After years of moving around, Matt Cross has found a home at UMass; and the Minutemen have found their leader


Staff Writer

Published: 02-02-2024 5:48 PM

As Matt Cross woke up each day during the offseason, it felt like another teammate was heading for the exit. The UMass men’s basketball team lost eight of its final 10 games – including a 33-point blowout to Richmond in the first round of the Atlantic 10 Tournament – to finish the year 15-16 overall. One after another, Minutemen players dipped from the program.

Cross had just wrapped up his third collegiate season on as many teams, and with everything seemingly falling apart around him, nobody would’ve questioned if he had once again decided to try his luck elsewhere and add to the pile of eight players transferring out of Amherst.

But that thought never traveled through the Beverly native’s mind.

Cross was exactly where he wanted to be.

“I learned through the process of being in college for a while that the grass isn’t always greener,” Cross said during practice earlier this week. “And I finally felt like I was playing for someone that understood me and gave me a chance.”

That someone was Frank Martin, the second-year head coach of the Minutemen who has been coaching basketball for nearly four decades.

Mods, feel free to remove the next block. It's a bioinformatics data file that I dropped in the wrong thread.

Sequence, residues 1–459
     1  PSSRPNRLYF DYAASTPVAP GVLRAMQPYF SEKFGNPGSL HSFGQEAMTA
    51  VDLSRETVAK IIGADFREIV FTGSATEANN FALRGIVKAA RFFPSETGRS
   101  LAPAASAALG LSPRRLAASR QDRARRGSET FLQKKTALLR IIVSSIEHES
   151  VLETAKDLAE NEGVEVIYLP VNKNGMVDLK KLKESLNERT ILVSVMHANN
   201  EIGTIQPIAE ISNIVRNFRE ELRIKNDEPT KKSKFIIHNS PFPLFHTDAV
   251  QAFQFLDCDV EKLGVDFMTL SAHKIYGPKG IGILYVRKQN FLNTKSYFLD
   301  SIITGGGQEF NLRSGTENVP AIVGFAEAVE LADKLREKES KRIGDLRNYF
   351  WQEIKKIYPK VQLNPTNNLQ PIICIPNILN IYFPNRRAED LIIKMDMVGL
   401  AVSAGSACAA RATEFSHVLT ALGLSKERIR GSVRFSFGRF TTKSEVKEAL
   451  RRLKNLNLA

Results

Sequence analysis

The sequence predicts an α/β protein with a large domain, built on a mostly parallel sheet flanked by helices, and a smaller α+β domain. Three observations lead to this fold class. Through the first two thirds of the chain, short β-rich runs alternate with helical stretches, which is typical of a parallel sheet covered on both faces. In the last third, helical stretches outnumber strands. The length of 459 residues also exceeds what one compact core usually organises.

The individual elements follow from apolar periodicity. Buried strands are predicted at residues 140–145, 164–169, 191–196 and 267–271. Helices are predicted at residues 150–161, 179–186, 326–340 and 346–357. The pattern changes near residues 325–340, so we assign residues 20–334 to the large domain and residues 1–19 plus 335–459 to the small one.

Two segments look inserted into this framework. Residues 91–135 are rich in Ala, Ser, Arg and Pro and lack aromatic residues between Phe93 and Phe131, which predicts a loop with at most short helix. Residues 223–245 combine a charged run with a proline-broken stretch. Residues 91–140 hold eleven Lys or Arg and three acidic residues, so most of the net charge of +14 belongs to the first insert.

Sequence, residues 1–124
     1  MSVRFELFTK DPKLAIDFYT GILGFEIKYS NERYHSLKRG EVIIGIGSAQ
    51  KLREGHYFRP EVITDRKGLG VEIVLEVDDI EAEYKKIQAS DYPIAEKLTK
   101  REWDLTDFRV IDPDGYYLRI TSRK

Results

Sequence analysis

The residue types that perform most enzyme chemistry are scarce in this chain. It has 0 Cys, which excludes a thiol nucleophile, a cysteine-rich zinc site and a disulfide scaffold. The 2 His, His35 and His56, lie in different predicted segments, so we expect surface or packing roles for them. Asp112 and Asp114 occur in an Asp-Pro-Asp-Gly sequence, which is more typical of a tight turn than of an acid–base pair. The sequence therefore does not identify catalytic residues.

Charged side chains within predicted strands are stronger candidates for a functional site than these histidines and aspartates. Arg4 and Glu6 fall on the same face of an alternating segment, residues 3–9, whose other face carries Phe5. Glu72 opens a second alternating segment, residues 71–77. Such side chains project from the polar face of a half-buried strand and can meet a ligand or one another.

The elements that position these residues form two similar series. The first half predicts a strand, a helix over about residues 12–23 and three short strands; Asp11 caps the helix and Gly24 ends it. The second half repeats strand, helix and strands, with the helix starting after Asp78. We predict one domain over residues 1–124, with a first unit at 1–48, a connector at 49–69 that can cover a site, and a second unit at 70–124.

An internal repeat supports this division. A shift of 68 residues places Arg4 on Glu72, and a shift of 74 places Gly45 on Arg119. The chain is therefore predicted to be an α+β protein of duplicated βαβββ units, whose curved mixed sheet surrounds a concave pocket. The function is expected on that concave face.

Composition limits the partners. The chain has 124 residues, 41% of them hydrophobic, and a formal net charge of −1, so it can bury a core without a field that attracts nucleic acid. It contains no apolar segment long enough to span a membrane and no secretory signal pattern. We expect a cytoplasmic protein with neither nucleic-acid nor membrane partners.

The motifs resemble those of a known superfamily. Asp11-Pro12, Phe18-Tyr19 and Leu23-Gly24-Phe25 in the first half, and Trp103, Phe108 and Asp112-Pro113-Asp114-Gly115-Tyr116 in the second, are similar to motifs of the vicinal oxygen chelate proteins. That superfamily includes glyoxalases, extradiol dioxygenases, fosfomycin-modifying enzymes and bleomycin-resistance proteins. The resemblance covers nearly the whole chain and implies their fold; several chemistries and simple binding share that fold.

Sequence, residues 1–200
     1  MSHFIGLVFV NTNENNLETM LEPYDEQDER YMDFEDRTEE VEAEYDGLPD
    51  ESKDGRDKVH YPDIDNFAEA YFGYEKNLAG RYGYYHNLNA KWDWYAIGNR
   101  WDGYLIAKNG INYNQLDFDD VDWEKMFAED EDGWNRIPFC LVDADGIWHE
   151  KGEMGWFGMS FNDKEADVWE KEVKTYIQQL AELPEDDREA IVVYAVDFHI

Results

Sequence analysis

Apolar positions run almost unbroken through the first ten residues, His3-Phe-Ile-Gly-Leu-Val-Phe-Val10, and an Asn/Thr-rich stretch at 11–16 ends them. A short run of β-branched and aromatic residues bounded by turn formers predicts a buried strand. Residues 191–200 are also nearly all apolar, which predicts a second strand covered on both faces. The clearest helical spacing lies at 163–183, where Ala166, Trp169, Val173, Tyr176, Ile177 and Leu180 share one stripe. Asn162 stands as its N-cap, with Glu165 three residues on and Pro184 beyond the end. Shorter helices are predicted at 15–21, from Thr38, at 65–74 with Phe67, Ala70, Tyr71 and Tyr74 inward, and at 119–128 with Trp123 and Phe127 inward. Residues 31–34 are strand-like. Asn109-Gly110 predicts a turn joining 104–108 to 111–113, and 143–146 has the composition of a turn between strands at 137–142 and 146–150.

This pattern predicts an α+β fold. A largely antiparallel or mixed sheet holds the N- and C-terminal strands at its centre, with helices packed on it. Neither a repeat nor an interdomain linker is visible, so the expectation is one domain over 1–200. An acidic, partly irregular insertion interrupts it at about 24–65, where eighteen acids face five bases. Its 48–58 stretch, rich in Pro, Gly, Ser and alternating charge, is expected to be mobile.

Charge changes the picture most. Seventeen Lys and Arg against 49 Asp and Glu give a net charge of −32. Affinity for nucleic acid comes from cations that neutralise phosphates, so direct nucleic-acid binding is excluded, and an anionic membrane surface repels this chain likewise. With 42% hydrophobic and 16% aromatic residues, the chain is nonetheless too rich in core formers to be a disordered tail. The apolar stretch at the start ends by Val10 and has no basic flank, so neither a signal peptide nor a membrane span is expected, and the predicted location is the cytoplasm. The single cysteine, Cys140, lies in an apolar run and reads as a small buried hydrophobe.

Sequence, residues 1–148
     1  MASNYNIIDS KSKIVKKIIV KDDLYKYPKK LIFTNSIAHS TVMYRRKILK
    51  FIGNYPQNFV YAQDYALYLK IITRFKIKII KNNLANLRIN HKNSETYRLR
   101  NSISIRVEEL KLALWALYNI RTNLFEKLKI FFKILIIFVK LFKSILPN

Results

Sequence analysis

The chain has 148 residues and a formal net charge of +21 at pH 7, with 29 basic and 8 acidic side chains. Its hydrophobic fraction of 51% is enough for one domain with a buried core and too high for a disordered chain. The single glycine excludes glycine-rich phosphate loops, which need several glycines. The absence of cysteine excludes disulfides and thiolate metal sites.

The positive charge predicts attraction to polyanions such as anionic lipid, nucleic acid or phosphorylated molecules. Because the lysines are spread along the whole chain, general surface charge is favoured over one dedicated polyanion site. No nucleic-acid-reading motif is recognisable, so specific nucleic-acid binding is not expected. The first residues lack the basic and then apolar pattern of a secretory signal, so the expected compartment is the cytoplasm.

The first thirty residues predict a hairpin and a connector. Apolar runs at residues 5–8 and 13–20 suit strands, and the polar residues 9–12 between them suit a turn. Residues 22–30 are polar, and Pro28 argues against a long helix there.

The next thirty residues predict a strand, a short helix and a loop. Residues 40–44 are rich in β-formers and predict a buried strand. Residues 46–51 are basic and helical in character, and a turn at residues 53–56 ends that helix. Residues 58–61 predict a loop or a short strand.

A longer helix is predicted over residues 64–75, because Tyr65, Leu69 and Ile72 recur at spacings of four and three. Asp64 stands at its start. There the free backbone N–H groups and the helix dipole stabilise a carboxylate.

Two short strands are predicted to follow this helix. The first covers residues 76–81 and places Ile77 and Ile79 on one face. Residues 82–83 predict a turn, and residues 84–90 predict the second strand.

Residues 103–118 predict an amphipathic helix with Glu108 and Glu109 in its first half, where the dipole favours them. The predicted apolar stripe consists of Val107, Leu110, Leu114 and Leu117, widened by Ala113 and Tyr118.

Historically speaking, Martin doesn’t ask much of his players – all we wants is for them to leave everything they have on the floor each night.

Enter Cross.

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Growing up as the youngest sibling in a Massachusetts home, and having a brother five years older than him, Cross knew tough before he even sniffed a basketball. Whether it was physically or mentally, or even when playing video games, his older brother Nick was always roughing him up.

Cross described his resolve as “that Massachusetts blue-collar work ethic,” and it’s translated seamlessly to the hardwood – which is where he now takes orders from Martin. The same determination Cross possesses, Martin worships, and the two have built an impenetrable relationship because of it.

“His whole personality and the way he wants to play fits my play style perfectly. He’s all about toughness,” Cross said of his coach. “I didn’t look too much into who was staying and who was going. I just knew I wanted to play for Frank. I have his back forever, whether I’m here or not, throughout my life and down the line. He’s family to me.”

So Cross watched as lockers emptied around him in the spring, but he didn’t care. Any hard feelings he had were swiftly swept by the summer wind once a new group of freshmen arrived. He immediately saw how competitive they were, as arguments and scuffles broke out during pickup sessions. It brought them all closer. The passion they shared quickly became something to bond over rather than fight over.

With only three scholarship guys back and a new group of 10 incoming players, the senior leader and most experienced collegiate player on the team had no choice but to guide by example.

And as UMass sits at 13-7 overall and fifth in the Atlantic 10 ahead of Saturday’s noon tip with George Mason, Cross’ grit has been on full display through 20 games – and the rest of the roster has followed suit.